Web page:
Yesterday I was discussing with a colleague the role religion has in guiding moral behavior among individuals and groups. Is it possible to demonstrate empirically that religion lowers rates of crime and anti-social behavior? My thought was that the question is too broad, that the more interesting and precise question is: What kind of religion has proven effective in lowering rates of crime and anti-social behavior? There are all kinds of religions, dogmatically speaking, and variations on how these religions are practiced, and how lightly or tightly they are held. What’s more, there are cultural variables at work. Will Catholicism in Ireland have a different affect on the population’s behavior from Catholicism in Uganda? What accounts for those differences?

It has often been observed that Latin Americans who converted from Catholicism to Protestantism are on balance more moral than loyal Catholics. Why would this be so? In the Catholic journal America, two researchers (one of whom is Father Andrew Greeley) looked at survey data in 2003 from Brazil, and concluded that Protestant converts are better Catholics than loyal Catholics, judged by their fidelity to Catholic moral teachings. Why is that? Write the pair: “We hesitate to draw any policy conclusion for Catholicism in Brazil, except that to some extent it would seem that the swing to evangelical religion may represent a strong critique of Catholic syncretism.”
We see in this example evidence that religion itself is no guarantee of moral behavior — after all, whatever one’s religious identification, Brazilians are religious people — but the particularities of the religion make the difference. Is the religion more emotionally comforting, or more morally prescriptive? This matters.
This came to mind this morning when I was listening to a fascinating NPR report on the drive to work. Check it out here. In brief, the piece talks about scientific evidence that the rational part of our brains can only juggle so many demands at a time; when we ask too much of it, the emotional part of our brains kicks in, and guides our decision-making. This makes sense, actually: when you’re too confused, tired or mentally overburdened to reason your way through a problem, you go with your gut.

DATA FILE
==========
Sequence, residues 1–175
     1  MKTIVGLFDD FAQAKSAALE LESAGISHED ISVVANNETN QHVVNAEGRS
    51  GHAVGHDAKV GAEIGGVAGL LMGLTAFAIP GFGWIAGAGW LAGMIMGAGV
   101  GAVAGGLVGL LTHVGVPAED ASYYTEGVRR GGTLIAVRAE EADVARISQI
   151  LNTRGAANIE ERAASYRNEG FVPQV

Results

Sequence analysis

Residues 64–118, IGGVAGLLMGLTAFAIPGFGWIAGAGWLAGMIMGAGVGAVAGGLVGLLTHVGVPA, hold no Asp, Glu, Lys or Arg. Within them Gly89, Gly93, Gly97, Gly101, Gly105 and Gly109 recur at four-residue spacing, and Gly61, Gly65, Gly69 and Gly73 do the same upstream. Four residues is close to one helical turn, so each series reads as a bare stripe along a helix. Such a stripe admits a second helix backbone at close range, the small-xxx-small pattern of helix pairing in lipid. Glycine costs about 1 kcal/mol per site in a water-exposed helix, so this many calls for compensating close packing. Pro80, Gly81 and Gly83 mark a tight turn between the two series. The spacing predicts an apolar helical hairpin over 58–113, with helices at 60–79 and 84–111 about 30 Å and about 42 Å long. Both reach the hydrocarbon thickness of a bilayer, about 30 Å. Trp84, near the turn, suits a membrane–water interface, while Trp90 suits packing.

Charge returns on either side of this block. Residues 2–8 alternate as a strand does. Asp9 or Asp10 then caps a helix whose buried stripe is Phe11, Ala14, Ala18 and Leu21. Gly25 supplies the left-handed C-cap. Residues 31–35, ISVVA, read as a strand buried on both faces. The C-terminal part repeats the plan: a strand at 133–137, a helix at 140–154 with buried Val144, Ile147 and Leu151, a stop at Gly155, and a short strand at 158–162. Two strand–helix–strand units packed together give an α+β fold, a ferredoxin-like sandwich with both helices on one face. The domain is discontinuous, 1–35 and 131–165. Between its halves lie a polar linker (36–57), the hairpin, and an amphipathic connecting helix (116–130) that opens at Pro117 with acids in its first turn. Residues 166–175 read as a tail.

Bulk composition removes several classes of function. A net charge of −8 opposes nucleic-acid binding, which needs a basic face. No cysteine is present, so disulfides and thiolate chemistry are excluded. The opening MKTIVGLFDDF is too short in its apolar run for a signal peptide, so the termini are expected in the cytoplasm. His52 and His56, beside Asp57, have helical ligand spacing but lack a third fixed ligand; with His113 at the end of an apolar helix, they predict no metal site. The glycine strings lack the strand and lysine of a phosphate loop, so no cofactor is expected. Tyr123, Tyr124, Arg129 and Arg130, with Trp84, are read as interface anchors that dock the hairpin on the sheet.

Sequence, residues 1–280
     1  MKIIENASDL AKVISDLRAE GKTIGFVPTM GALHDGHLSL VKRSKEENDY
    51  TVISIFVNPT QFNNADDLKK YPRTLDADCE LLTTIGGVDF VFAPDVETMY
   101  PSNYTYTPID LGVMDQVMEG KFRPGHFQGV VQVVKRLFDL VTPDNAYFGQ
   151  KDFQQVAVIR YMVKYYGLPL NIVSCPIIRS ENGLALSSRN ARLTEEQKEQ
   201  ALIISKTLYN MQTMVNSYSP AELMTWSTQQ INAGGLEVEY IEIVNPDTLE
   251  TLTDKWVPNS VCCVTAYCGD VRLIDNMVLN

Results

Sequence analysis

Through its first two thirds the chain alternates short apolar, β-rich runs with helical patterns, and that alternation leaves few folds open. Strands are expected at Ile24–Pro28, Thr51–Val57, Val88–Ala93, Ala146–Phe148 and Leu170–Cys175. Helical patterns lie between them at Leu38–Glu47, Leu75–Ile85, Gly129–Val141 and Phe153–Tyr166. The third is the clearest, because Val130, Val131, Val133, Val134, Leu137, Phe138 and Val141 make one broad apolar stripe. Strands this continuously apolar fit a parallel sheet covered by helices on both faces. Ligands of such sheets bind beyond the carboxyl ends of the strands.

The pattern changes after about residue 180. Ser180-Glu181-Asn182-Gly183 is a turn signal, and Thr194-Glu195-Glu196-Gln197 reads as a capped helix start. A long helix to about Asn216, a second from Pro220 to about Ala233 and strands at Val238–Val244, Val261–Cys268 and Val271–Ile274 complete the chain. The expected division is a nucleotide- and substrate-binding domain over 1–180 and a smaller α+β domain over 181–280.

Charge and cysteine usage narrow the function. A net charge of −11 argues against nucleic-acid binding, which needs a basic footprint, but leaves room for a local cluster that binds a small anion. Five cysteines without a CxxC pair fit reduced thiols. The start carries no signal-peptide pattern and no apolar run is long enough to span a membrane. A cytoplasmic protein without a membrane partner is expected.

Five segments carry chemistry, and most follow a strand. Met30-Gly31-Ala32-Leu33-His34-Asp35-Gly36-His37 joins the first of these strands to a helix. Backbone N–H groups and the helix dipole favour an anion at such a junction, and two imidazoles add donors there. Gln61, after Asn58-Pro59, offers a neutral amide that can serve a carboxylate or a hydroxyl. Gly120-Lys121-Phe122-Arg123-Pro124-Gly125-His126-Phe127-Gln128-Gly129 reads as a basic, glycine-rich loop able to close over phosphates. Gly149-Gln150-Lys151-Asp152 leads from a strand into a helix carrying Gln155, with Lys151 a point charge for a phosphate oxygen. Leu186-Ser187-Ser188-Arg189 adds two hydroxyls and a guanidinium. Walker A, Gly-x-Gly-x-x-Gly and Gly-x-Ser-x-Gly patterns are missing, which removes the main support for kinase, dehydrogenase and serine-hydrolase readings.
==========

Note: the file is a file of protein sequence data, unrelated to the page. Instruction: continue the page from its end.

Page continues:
Wall Street Journal reporter Jonah Lehrer, who is quoted in the NPR piece, explored these themes in a longer story about neurology and free will late last year. Excerpt:

Research by Walter Mischel at Columbia University and others has demonstrated that people who are better at delaying gratification don’t necessarily have more restraint. Instead, they seem to be better at finding ways to get tempting thoughts out of their minds.
For instance, Prof. Mischel has found that four-year-old children who are better at resisting the allure of eating a marshmal low–they get a second marshmallow if they can wait for 20 minutes–are the ones who sing songs, play with their shoelaces or pretend the marshmallow is a cloud. In other words, they’re able to temporarily clear the temptation out of consciousness. (Prof. Mischel has also shown that these “high delayers” go on to get higher SAT scores and have lower body-mass indexes as adults.) Because they know that willpower is weak, they excel at controlling the spotlight of attention: When faced with candy, they stare at the carrots.
While this willpower research can get dispiriting–the mind is a bounded machine, defined by its frailties–it also illustrates some potential remedies. Prof. Baumeister figured that it might be possible to strengthen willpower by exercising it, and in 1999, he asked a group of students to improve their posture for two weeks. Interestingly, these students showed a marked improvement on subsequent measures of self-control, at least when compared to a group that didn’t work on sitting up and standing straight.
The lesson is that the prefrontal cortex can be bulked up, and that practicing mental discipline in one area, such as posture, can also make it easier to resist Christmas cookies.

All this has interesting implications for reason, religion and moral behavior. This latter finding offers scientific validation for the Orthodox Christian tradition of frequent fasts as a way to build self-control (N.B., in Orthodoxy, a goal of the moral life is to overcome the passions — not, to be clear, to live in total denial of the passions, but to gain control over them, lest they control you). Lehrer indicates that whatever one believes about the life of the spirit, to practice routine self-denial amounts to an exercise in increasing one’s neurological faculties of self-control.
The former finding — that the emotional brain kicks in to guide behavior when the rational brain is overwhelmed — tells us something important about religion, especially in an age of torrential information. Religion that engages the emotions, and trains them to react in particular ways, will be more likely to get better behavior out of its adherents than a religion lightly held, and that makes fewer demands on those who profess it. It’s an obvious point, I suppose, but there appears to be scientific data showing that people whose religious faith trains their emotions to respond and conform to a particular behavioral code will be more successful at convincing people to live out its moral teachings than a religion that remains mostly analytical/cerebral, or that doesn’t bury itself deeply in the “heart” (= a metaphor for the emotional part of the brain).
Given that we live in a world in which the conscious brain is overwhelmed by information and stimuli as like never before, forming the emotional brain to give the morally correct response to problems presented it is perhaps more important than ever for parents and religious educators. This information also suggests strongly that reason, while important to moral behavior, is not nearly as important as emotional instinct.

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